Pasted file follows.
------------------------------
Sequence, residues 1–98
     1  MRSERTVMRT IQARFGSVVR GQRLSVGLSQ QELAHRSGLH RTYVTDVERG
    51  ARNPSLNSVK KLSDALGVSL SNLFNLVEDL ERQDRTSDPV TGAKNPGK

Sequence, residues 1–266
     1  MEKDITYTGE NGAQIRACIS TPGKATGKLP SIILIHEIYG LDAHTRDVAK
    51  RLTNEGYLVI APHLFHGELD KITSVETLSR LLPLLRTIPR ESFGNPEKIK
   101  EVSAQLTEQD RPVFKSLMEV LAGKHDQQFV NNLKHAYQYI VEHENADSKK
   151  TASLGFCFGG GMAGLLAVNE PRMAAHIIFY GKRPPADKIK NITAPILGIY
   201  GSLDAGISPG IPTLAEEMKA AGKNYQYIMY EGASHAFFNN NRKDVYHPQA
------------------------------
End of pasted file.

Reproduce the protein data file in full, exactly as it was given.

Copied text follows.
Sequence, residues 1–98
     1  MRSERTVMRT IQARFGSVVR GQRLSVGLSQ QELAHRSGLH RTYVTDVERG
    51  ARNPSLNSVK KLSDALGVSL SNLFNLVEDL ERQDRTSDPV TGAKNPGK

Sequence, residues 1–266
     1  MEKDITYTGE NGAQIRACIS TPGKATGKLP SIILIHEIYG LDAHTRDVAK
    51  RLTNEGYLVI APHLFHGELD KITSVETLSR LLPLLRTIPR ESFGNPEKIK
   101  EVSAQLTEQD RPVFKSLMEV LAGKHDQQFV NNLKHAYQYI VEHENADSKK
   151  TASLGFCFGG GMAGLLAVNE PRMAAHIIFY GKRPPADKIK NITAPILGIY
   201  GSLDAGISPG IPTLAEEMKA AGKNYQYIMY EGASHAFFNN NRKDVYHPQA